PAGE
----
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Source: The Guardian



UK reports 4,618 new cases, 52 deaths



Authorities on the Isle of Man have run strict regime to keep the island as free from Covid-19 as possible but an exemption for ferry workers has caused discontent.

It was only at the start of February that the Isle of Man came out of lockdown. Pubs, shops and restaurants reopened, social distancing measures were lifted and face coverings were no longer mandatory.

Back then, the chief minister of the self-governing British Crown dependency declared that the reopening of society was possible because: “There’s a collective determination, a sense of duty and community spirit. The public have followed all the rules.”

Just over a month later, on 3 March, the island went into a 21-day “circuit-breaker” lockdown to limit the spread of the virus after a spike in cases, with the government believing the “index case” (patient zero in the current wave) was most probably a ferry worker.

As of Friday afternoon, there were 704 active Covid cases on the Isle of Man, with 12 people in hospital, one of whom was in intensive care.

The admission that the island’s ferry service had probably brought back Covid has caused anger on the Isle of Man, with some asking why ferry workers were exempt from the strict 21-day quarantine enforced on all other arrivals.

The Isle of Man government decided ferry workers based on the island did not have to go into self-isolation when returning home from a shift. Photograph: Paul White - Transport Infrastructures/Alamy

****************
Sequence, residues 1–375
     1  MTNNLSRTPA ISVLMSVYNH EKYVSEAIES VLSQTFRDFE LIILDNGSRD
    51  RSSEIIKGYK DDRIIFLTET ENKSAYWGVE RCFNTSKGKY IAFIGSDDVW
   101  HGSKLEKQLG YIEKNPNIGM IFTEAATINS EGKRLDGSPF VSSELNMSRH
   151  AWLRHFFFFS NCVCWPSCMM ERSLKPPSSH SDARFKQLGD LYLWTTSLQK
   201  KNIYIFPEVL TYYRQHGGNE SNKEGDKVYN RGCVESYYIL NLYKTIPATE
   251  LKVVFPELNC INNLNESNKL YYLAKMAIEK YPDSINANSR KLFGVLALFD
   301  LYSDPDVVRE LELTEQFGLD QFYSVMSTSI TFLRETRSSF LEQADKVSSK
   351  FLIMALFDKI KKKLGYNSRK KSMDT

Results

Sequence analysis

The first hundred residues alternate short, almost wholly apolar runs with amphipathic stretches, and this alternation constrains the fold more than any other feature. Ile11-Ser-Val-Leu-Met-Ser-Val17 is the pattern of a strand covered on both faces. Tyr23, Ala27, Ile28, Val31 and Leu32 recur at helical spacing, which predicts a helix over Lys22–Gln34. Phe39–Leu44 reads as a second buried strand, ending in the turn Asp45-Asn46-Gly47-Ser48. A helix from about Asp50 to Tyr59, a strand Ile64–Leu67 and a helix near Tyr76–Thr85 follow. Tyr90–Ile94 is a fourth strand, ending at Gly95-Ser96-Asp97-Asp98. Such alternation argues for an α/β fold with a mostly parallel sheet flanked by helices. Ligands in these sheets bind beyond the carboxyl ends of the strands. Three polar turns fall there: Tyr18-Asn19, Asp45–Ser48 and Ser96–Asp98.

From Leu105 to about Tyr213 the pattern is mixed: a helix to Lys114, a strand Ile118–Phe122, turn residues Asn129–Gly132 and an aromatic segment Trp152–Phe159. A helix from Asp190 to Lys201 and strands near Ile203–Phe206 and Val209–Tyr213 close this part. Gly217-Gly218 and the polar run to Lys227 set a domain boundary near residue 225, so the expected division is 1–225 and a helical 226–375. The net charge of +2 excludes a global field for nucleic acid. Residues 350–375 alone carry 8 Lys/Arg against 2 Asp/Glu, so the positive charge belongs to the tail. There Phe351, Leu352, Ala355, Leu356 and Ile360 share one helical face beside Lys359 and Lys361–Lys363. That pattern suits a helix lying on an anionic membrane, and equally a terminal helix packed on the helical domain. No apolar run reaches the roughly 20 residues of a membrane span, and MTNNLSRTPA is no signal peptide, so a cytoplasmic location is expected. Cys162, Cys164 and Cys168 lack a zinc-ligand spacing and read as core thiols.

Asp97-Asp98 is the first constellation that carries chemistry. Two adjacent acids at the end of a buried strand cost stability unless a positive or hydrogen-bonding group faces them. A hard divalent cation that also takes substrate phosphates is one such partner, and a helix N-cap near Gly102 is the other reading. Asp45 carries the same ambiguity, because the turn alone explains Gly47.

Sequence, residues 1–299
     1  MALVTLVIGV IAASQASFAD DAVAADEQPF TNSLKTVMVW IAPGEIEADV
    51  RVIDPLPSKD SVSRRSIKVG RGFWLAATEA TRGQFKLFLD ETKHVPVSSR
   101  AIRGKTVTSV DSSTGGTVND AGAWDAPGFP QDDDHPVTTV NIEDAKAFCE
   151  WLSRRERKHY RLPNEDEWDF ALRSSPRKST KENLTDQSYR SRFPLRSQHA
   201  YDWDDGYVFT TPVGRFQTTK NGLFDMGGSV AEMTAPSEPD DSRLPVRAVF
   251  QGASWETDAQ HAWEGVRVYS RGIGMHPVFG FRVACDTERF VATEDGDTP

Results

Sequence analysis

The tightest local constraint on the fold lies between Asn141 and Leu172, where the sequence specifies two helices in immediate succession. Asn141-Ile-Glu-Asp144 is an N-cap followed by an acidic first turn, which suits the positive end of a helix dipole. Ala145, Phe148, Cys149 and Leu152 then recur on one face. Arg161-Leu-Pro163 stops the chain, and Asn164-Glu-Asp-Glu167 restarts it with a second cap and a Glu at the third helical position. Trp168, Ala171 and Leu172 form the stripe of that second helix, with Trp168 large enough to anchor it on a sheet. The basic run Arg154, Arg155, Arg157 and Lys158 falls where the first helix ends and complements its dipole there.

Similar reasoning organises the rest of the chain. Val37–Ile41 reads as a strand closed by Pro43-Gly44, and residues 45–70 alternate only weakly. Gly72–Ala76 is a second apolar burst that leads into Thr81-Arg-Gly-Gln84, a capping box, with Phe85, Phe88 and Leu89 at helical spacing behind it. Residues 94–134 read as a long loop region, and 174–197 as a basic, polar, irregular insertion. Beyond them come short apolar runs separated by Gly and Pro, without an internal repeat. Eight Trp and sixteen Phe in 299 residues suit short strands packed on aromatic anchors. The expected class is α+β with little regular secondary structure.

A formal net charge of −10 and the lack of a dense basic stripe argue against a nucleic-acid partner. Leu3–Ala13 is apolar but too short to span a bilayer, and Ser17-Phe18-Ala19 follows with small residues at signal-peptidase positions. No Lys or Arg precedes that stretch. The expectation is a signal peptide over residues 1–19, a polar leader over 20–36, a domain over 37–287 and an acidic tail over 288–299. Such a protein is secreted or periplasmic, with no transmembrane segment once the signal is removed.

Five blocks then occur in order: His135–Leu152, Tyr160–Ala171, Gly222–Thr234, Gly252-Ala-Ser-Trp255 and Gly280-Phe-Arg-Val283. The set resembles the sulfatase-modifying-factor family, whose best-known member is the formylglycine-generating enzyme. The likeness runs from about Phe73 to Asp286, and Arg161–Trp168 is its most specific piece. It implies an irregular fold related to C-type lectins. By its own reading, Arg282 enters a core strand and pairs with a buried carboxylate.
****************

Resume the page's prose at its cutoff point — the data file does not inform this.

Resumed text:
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More than 17,500 chain stores disappeared from high streets, shopping centres and retail parks across Great Britain last year as the Covid-19 pandemic spurred the worst decline on record.

An average of 48 shops, restaurants and other leisure and hospitality venues permanently closed every day across England, Wales and Scotland, and only 21 opened, according to the figures compiled by the Local Data Company, a research provider, for the accountancy firm PwC.

With non-essential shops forced to close during lockdown and a boom in online shopping, as many as 17,532 outlets closed their doors for the last time in 2020. Only 7,655 chain stores were opened. The resulting net closure of 9,877 stores was almost a third higher than in 2019, according to research from almost 3,500 locations, which excludes independent retail outlets and other venues.

The stark figures comes before the true impact of the pandemic on Great Britain’s high streets becomes apparent. Many outlets included in the research were temporarily closed during lockdowns and were not counted as shut but may never reopen after restrictions are relaxed this spring.

You can read the full story here.




Stark variations in Covid vaccine uptake between richer and poorer areas of England, together with “stubbornly high” coronavirus rates in some deprived communities, are posing serious questions about the measures needed for restrictions to be safely eased.